"It's the real thing." Coca-Cola Advertising Slogan
"They're grrrreat!" Kelloggs Frosties Advertising Slogan
"I'm lovin' it!" McDonalds Advertising Slogan
"The best a man can get." Gillette Advertising Slogan

Design

It’s time to make sure that your marketing is formed into design. Designers, who have created a design without doing their research, are not completely sure of what problem they are solving. This will bring a great difficulty when selling their works. Even if you know what a common problem is in the design world (take, for instance, the lack of sustainable products), you’ll still face fail if you don’t have a target audience and their emotions and values in count.

There are a lot of things that come into the designing part, not only the actual creation of a product, but also its brand logo and packaging are equally as important. So, how should one take all this conceptual thinking and emotions discovered through the marketing and reform it into a brand?

Logo:

A logo is a symbol universally applied by organizations and individuals to uphold visual identification. Most people collect their memories visually; hence design becomes a very important aspect of a brand, not only the meaning. Logos are either symbols & icons or creatively written names of the corporation/organization's brand, such as logotypes. Symbolism, myth and hidden information can often be found in good logos.


Starbucks and Coca Cola Logos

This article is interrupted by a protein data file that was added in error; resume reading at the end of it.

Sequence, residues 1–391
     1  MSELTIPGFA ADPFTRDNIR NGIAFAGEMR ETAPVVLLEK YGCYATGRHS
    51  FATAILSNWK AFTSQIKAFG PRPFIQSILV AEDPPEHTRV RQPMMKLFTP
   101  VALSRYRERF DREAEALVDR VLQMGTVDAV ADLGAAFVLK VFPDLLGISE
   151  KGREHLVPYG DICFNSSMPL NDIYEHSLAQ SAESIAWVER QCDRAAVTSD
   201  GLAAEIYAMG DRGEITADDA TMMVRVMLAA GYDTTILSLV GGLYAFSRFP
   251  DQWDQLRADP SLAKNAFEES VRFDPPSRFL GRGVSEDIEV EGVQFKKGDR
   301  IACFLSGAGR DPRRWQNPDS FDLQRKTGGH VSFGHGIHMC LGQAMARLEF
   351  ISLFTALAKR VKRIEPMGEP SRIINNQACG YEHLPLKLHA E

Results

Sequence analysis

Don’t Overlook Colors:

Colors have an immense emotional power on us humans and they should be considered thoroughly for your brand. Red, for instance, is a very strong color and brings forward the emotions of anger and passion, making our metabolism go up (making us hungry), and very impulsive: hence it’s used in many fast food chains.

Packaging:

Your packaging should be designed with the exact marketing ideas as your selling product. If we, once again to make it simple, take the sustainable product as an example: the package of this product can not be anything but sustainable. Your core values and complete brand narrative should be reflected in your packaging as well.


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    1. [...] feeling or message, and apply it on explicit needs. Designers need to fully appreciate research and strategy to explore their creativity, and then turn this information into designs that mirror different [...]